When indicating her willingness to serve, Wallace had not paid attention to the timing, for this was the International Year of Women, and she was New Zealand’s first female judge. A very private person, she was displeased by the publicity that followed her appointment and affronted by any suggestion of tokenism. She nonetheless agreed to the requisite interviews, with the New Zealand Woman’s Weekly’s headline reassuring readers, ‘First woman on Bench likes sewing, cooking and gardening’. While the ‘petite, bright-eyed Mrs Wallace’ was a ‘straight talker with a warm, quick smile’, it soon became clear that the new magistrate did not see herself as a flag-bearer for feminism. She was quoted as saying that ‘this rather noisy business about women’s rights is doing women a dis-service’, and ‘if anyone puts the appropriate hard work and endeavour into their field of work there should be no reason why they should not succeed’.3 Her stance, which the feminist magazine Broadsheet castigated as ‘classic Queen Bee syndrome’, was later tempered by an appreciation of the difficulties faced by many other women lawyers in New Zealand.4
Wallace faced further criticism from feminists and others when she served as the first chair of the Abortion Supervisory Committee between 1977 and 1979. The right to abortion was a highly divisive issue at the time, and the passage of the Contraception, Sterilisation, and Abortion Act 1977 did little to appease those on either side of the debate. The committee’s difficult role was to implement the act’s provisions, licensing abortion clinics and issuing certificates to the certifying consultants authorised to approve terminations. Wallace considered herself sufficiently robust to withstand the public criticisms that ensued, but she resented the pressures placed on her family and served only one term on the committee.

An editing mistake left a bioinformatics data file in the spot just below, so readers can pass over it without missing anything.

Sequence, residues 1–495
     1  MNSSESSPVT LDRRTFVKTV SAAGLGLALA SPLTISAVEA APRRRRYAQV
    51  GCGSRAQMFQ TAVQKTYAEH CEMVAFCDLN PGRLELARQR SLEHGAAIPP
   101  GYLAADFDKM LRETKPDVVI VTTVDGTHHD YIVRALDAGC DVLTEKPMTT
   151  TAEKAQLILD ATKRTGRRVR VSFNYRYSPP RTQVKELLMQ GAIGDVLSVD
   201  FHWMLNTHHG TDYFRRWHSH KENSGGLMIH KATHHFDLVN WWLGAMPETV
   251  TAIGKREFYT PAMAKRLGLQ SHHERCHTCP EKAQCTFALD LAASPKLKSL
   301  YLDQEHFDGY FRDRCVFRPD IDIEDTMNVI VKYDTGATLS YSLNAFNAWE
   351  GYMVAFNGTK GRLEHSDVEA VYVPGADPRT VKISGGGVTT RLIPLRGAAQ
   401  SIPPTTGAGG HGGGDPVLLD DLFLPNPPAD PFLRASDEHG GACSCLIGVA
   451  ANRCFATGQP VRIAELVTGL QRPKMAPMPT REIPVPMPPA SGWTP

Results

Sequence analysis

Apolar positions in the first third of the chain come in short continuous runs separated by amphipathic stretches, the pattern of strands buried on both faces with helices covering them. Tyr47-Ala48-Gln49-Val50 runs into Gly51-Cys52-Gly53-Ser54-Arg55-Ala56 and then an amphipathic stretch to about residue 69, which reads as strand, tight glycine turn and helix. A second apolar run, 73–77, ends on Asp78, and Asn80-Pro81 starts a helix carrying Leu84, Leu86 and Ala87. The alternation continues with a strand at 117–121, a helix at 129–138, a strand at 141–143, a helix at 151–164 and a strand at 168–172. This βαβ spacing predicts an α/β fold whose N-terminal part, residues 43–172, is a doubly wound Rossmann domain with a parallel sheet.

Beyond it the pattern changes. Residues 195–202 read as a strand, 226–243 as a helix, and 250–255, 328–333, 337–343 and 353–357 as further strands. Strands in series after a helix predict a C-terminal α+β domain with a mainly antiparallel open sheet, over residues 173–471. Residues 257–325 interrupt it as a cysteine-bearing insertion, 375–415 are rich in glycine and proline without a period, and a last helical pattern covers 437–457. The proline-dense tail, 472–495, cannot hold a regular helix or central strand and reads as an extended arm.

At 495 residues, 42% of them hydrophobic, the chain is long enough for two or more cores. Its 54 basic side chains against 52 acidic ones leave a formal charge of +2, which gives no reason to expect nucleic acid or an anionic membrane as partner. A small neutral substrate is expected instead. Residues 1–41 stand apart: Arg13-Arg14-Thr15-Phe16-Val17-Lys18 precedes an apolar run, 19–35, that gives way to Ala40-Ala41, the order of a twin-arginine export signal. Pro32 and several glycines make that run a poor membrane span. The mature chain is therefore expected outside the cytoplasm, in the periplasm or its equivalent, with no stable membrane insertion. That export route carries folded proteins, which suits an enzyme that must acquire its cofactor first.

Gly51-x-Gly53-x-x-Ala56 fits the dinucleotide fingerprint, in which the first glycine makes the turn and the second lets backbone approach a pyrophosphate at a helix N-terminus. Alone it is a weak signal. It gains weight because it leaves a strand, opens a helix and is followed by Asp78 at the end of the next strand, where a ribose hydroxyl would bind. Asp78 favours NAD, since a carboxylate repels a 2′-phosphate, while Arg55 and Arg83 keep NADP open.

Augusta Wallace served as a district court judge at the Auckland District Court for nearly 15 years, and then had appointments on the Ōtāhuhu and Papakura district courts. She commanded her courtroom with a no-nonsense manner and what she herself acknowledged could be a ‘grim . . . even a dragon image’, useful for a woman in the courtroom context.5 It was while serving in the Ōtāhuhu court in 1990 that Wallace was seriously injured by a 16-year-old youth wielding a machete. She suffered severe head and facial injuries and recovered fully only after five months. She returned to the bench, determined that the event, which sparked a major review of court security, would not define her life. Wallace retired in February 1993 aged 63, later emphasising that the attack had had nothing to do with this decision: ‘I could have retired before I did, but I didn’t because I was going to make darn sure that I didn’t retire just because I had been hit on the head’. With typical briskness, she said she had put the attack behind her.6